Letters often provide an intimate window into a person’s thoughts, personalities and quirks — especially if they were not sent to you in the first place.
That window opened for Lille Foster of Holt when she finally decided to read her father’s World War II era letters. Foster’s father, Theodore Pattengill Foster, had sent hundreds of letters home — mostly to his mother and father — detailing his activities at numerous postings across the United States.
In the letters, he tells his family and friends about military life, social events and the tedium of training while the war rages on across the ocean.
Pattengill Foster, after being drafted at 28 years old in 1941, spent much of the war stateside. Foster’s role saw him training and preparing soldiers in the areas of quartermaster duties and transportation and logistics.
In 1943, Foster, before being shipped overseas to Australia and New Guinea, married an Army nurse, Joyce Rosalind Capper.
Following the war, Foster returned to his hometown of Lansing to work for the Liquor Control Commission. He was then called upon in 1948 for another war percolating in Korea.
He spent the next 16 years in the military hopscotching to bases across the world. Along the way, he would ultimately be promoted to the rank of major. Lille, along with her two sisters, were Army brats until his retirement in 1963.
Circuitously, the letters would end up in possession of local archivists and historians, Geneva and George Wiskeman. The pair put the letters away until the time was right to pass them onto family members.
Foster said she and her father were never close and she took little interest in reading the letters.
It wasn’t until she read the book of a good friend of hers, Mary Jane Wilson, which detailed her own father’s experience in World War I, did Foster become interested in her father’s letters. Wilson’s book, “In His Own Words: the Freeman McClintock Story,” details her father’s work as an automobile mechanic during WW I.
Reading her father’s letters for the first time, Lille’s opinions about him changed.
The letters revealed to Foster that he was perfectly suited for Army life and that he flourished there.
“Army was his life and he reveled in it,” she said.
His letters clearly represented his drive and ambition. “He was always the first to chosen for something,” she said.
Lille is a librarian, but she has always been interested in history and genealogy. This interest can be traced to her great-grandfather, Henry R. Pattengill, who was Michigan’s first superintendent of public education and publisher of textbooks and educational material. In 2014, Foster helped spearhead an effort to erect a state history marker in Ithaca to recognize her great grandfather.
Now, she has published a compilation of her father’s letters in a new book, “U.S. Army Life 1941-1945: In the Letters of Theodore Pattengill Foster.”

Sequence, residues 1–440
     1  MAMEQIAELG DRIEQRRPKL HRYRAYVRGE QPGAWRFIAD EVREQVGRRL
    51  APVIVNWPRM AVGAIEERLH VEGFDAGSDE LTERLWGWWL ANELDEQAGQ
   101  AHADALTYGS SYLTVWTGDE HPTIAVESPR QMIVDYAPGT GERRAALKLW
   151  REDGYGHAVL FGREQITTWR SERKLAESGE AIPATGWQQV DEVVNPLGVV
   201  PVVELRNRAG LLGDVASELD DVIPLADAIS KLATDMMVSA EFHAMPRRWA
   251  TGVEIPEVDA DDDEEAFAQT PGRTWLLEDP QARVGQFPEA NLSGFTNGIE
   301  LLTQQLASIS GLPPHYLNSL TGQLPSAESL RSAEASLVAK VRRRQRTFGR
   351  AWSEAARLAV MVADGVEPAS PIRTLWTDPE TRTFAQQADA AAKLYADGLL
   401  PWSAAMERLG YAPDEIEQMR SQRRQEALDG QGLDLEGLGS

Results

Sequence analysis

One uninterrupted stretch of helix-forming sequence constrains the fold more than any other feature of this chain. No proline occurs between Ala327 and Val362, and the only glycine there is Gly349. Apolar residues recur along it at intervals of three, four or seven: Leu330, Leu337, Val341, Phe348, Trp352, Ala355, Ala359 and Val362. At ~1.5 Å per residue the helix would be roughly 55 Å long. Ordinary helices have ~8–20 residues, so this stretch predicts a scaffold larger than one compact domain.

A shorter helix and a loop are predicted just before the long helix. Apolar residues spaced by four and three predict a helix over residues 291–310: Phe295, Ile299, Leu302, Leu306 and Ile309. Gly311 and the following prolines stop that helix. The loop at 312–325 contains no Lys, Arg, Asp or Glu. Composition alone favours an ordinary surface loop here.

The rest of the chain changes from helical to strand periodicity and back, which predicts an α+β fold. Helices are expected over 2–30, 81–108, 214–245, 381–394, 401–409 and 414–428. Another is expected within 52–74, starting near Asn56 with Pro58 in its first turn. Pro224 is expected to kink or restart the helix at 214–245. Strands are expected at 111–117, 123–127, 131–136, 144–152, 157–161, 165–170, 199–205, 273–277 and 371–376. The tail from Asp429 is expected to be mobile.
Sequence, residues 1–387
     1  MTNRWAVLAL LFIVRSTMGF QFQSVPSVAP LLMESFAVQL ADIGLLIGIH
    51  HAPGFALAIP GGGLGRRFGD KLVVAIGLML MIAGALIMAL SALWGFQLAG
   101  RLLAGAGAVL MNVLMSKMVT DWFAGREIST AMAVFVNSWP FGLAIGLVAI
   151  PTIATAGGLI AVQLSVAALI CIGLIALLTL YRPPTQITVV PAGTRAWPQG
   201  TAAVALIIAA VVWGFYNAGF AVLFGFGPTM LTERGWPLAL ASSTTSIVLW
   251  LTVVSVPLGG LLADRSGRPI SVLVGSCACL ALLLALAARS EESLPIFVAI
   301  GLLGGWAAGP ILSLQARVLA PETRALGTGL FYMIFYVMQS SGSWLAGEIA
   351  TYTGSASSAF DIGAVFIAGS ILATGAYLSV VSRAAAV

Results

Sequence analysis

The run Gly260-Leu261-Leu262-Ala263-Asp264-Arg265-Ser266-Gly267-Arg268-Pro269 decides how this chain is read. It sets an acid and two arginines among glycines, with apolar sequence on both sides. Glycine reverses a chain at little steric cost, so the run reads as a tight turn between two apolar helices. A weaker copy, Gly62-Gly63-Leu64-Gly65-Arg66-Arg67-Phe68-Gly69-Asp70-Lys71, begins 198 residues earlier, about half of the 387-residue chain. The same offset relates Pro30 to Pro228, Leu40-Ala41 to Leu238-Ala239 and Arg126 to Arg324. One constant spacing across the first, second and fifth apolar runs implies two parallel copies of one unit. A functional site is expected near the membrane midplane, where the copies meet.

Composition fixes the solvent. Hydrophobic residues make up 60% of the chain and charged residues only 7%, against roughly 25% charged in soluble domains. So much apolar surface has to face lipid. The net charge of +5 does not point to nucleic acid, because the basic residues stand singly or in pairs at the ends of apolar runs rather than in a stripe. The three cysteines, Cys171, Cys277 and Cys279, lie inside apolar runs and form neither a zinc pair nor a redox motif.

The book offers more than 200 letters and postcards which contain Pattengill-Foster’s observations of Army life.
The letters are well written and are both funny and serious as the soldier goes about his training and ultimately becoming an expert in training other soldiers.
“I was surprised by his descriptive passages,” she said.
The first thing she discovered about her father was that he couldn’t spell.
“My father never learned the spelling rule, ‘i before e except after c,’ and wrote ‘receive’ hundreds of times in his letters.”
In addition to indicating the correct spelling, Foster also used more than 280 footnotes to provide more context for readers. So if there is a popular culture reference pertaining to the ‘40s, it is detailed in a footnote. For example, when Pattengill Foster mentions the movie “Star Spangled Rhythm,” she details the 1942 morale boosting movie.
One particular inside ball-game reference that readers wouldn’t have understood was Pattengill-Foster’s writing about a Zippity Zooker. Zookers were resorters who summered at Roaring Brook, an exclusive resort at Little Traverse Bay on Lake Michigan founded in the late 1800s by Lansing residents.
The resorters would cry “Zippity Zook Zippity Zook! We’re the gang from Roaring Brook.” Foster would later marry a fellow Zooker, Win Stebbins. The Stebbins cottage was next to Foster cottage at the resort.
Early in the book, a letter home details how Pattengill Foster found himself in the “doghouse” after writing the secretary of war complaining that there was no flag to fly on the base.
Like every GI, his letters are peppered with references to food, both good and bad, KP and getting passes for leave.
In one letter to his sister Tina, he writes “Today is probably the most famous day of all to soldiers — pay day.”
Other letters reference how the $21 a month pay doesn’t go very far when you factor in having to buy your own uniforms.
At Christmastime 1941, he ends a letter to his parents with the line, “There’s something about Northern Michigan that just can’t be found anywhere else.”
Foster said that after compiling the letters she let Mary Jane Wilson read them.
Her response: “I feel like I know him.” “That’s exactly what I hope to accomplish by publishing his letters,” Foster said.
“To me, it’s very important people are not forgotten,” she said.
An older version of this article incorrectly stated Mary Jane Wilson wrote a book about her husband, it's been changed to reflect that the book was about her father.